Monday, August 14, 2006

Literary Lineup

This past week, Christopher Stackhouse and I recorded an interview with poet and DJ Keith Roach for Eadon's Place/Live365 online radio. We were talking up our collaborative book project, Seismosis (1913 Press), and other things as well. It aired yesterday from 3-5 pm, and will repeat several times this week. The Eadon's Place/Live365 schedule is available here. The clip is about 45 minutes or so long, and includes me reading the essay-poem "Color."

Mendi O. tagged me with a book meme (which Littlemilk has already undertaken), so I promise to get to it soon. For the entire history of Jstheater, I don't think I've ever undertaken a meme (which was one of my unspoken first-year daily blogging rules), but I've seen a few I've liked and earlier this year did begin one, only to set it aside to work on something else. Mendi's and Littlemilk's are fascinating, so check them out.

Speaking of literary news, one of my Brazilian correspondents, poet, journalist and literary impresario Valdeck Almeida de Jesus, has published his first novel, Mistério Policial en Estocolmo (Salvador, 2006), through the Fundação Cultural do Estado da Bahia, under its "Letras da Bahia" imprint. Valdeck is also the author of Heartache Poems. A Brazilian Gay Man Coming Out from the Closet (New York: Editora iUniverse, 2004), a moving collection of poems written and published in English; Feitiço Contra o Feiticeiro (São Paulo: Editora Scortecci, 2005); and Memorial do Inferno. A Saga da Família Almeida no Jardim do Éden (São Paulo: Editora Scortecci, 2005). In addition to these projects, he also edited an anthology of poems, and is the founder and head of the Jean Wyllys Fan Club, which celebrates his fellow Bahian writer and the winner of Brazil's Big Brother 5, Jean Wyllys. Congratulations on the new novel, Valdeck!

I've been translating Wyllys's award-winning collection of stories, Aflitos, which was originally published by the Fundação Casa Jorge Amado in Salvador, and was republished by the media conglomerate Globo. The beautifully preserved egg-shell blue colonial house in Salvador's Pelourinho district where Amado lived for decades not only houses the foundation, and research and cultural center, with a café and theater, but includes a bookstore that features books by many of Bahia's contemporary writers, from the internationally famous (Amado, João Ubaldo Ribeiro) to the less-well known. Aflitos deserveedly received Bahia's Premio Copene de Cultura e Arte. The several dozen stories, some as brief as an extended paragraph and many as lyrical as prose poems, often treat raw subject matter in quick, clipped stylistic strokes, somewhat in the manner of stories by one of the authors Wyllys quotes, one of Brazil's most remarkable writers, Clarice Lispector. Like Lispector's stories, they frankly address social inequities, including the most elemental depradations of human existence, and sexual relations, though Wyllys, as a young (32) out gay writer of Afro-Brazilian ancestry concentrates more directly on the vicissitudes of Bahia's Black population and on the queer currents within the city's demimondes. I find the work's abruptness and bitter edge bracing, and hope to complete my translation in the near future so that others who don't read Portuguese will have access to this work.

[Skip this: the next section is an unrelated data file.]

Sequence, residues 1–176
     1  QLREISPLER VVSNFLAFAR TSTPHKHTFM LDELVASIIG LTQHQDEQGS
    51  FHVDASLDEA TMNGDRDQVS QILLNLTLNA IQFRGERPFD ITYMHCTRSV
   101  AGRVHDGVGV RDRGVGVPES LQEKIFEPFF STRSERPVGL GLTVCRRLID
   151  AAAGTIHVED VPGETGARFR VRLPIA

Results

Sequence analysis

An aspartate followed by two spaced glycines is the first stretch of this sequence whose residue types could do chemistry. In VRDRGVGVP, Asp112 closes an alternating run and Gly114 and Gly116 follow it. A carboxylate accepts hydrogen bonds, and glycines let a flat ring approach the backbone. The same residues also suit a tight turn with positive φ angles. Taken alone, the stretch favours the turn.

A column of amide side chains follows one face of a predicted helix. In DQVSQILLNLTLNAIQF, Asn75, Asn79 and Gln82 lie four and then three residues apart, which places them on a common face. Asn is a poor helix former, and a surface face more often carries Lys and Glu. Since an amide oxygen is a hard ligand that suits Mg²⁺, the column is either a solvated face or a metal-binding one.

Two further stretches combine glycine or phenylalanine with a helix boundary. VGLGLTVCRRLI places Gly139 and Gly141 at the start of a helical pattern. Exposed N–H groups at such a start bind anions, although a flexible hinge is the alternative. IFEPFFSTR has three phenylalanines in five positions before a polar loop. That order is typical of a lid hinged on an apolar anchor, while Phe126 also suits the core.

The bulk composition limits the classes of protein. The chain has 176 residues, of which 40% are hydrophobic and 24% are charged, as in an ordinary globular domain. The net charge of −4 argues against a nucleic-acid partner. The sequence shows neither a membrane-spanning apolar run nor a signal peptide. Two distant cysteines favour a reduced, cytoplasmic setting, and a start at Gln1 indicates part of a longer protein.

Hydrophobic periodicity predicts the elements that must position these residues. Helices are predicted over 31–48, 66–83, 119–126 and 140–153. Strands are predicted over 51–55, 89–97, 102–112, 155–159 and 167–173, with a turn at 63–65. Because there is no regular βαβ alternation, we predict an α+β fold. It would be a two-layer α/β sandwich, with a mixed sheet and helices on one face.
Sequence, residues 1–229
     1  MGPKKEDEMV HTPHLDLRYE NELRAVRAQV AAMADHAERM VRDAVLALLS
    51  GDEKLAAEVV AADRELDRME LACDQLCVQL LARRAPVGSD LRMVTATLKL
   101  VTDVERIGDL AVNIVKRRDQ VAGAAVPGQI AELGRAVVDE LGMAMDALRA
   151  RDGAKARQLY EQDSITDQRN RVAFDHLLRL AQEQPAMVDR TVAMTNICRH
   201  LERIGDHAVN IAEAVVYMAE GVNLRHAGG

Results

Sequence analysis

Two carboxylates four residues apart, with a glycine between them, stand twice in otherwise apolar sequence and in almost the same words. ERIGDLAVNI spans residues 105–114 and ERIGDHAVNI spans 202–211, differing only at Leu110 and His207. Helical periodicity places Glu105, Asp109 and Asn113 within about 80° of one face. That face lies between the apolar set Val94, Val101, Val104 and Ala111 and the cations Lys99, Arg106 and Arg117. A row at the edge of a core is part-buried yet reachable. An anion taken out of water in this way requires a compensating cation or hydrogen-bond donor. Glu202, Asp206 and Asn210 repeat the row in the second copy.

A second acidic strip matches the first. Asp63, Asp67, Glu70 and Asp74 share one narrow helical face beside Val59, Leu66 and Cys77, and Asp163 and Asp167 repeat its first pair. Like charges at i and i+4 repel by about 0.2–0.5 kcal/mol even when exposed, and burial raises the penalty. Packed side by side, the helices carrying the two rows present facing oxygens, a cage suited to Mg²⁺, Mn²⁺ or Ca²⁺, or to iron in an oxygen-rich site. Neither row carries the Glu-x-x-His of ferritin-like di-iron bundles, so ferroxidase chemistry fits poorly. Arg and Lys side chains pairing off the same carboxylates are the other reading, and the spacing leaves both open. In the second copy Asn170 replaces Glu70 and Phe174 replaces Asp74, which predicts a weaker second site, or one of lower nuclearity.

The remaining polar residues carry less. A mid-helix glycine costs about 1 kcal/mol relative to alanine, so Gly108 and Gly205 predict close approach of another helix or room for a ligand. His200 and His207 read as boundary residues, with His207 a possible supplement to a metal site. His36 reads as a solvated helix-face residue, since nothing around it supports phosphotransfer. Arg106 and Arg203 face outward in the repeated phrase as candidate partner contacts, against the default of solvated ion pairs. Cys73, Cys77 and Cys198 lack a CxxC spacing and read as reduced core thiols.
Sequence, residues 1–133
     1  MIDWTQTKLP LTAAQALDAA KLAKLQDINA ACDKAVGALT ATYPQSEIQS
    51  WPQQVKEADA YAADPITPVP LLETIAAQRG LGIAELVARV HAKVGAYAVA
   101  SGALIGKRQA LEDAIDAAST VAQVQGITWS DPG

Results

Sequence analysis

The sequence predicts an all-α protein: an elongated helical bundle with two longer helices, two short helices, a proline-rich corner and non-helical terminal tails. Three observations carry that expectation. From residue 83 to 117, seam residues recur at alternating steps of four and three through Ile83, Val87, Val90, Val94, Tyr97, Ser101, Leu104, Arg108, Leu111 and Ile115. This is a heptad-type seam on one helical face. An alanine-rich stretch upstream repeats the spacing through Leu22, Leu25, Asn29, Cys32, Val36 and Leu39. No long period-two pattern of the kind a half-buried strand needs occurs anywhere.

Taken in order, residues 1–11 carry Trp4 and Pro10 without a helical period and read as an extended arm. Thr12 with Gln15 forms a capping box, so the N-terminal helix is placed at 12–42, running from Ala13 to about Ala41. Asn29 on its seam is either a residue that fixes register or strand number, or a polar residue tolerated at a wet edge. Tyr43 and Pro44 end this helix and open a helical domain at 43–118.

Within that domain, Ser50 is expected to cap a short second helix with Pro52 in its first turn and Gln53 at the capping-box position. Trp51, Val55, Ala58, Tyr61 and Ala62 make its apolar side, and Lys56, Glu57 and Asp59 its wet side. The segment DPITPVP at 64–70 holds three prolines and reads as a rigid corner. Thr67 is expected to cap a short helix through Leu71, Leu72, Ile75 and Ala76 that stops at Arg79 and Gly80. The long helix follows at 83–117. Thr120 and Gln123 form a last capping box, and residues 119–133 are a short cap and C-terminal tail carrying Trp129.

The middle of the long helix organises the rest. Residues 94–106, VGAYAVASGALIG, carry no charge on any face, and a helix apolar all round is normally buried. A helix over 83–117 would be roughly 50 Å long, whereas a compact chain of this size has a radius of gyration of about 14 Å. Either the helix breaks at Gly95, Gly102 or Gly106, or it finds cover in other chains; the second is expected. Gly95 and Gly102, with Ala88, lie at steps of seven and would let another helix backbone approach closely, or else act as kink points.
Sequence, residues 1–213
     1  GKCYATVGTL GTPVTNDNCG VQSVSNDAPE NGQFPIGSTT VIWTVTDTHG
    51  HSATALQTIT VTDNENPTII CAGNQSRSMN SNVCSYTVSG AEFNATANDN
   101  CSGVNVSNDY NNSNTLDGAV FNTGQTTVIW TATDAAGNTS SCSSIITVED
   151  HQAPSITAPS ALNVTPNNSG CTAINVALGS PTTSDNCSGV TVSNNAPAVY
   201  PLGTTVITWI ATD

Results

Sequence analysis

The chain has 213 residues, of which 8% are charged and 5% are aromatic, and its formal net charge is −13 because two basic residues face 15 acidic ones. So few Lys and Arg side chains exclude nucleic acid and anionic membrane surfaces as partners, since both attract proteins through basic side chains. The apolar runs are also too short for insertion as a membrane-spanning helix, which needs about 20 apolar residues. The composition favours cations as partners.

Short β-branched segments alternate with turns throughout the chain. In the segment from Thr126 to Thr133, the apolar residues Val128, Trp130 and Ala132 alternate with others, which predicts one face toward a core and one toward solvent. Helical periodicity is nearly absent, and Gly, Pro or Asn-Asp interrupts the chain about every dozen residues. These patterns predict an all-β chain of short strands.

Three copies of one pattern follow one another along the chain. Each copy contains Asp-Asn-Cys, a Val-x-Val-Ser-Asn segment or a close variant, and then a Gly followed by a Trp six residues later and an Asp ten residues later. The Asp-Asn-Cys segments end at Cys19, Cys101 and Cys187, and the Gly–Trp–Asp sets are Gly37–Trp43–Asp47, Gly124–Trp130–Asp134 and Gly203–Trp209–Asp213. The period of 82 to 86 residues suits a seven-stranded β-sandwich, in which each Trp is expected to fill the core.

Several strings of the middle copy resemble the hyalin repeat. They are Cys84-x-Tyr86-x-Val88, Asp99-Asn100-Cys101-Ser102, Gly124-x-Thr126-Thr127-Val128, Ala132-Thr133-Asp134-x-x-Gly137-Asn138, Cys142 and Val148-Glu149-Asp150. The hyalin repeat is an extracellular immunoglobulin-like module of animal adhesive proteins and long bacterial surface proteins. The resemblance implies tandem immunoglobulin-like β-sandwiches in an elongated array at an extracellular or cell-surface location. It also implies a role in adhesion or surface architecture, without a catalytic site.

Back to these shores, Bernie alerted me to a recent post on Keith Boykin's blog about complaints lodged by writer Randy Boyd. There have since been 137 comments in response, and I have little to add except to say that I think Boyd's complaint not only a bit tired but misplaced, especially given that the vast majority of depictions of gay American male life are eurocentric and White-normative (actually, I'd add gay, lesbian and bisexual American lives), and, until fairly recently (within the last 25 years), many novels and extended works of fiction by African-American and other Black gay male authors centered on Black-White relationships as opposed to intraracial or any other racial or ethnic combinations--where Boyd he been? Does he read any prior African-American gay male writers?--but he's apparently found his home with the NABWMT/MACT crowd, which shares his "dream that a black boy and a white boy can be in love and deal openly and honesty with the crap from both the black and white communities" (um, hello, do any other races or ethnicities exist?). Yeah, okay. Yawn!

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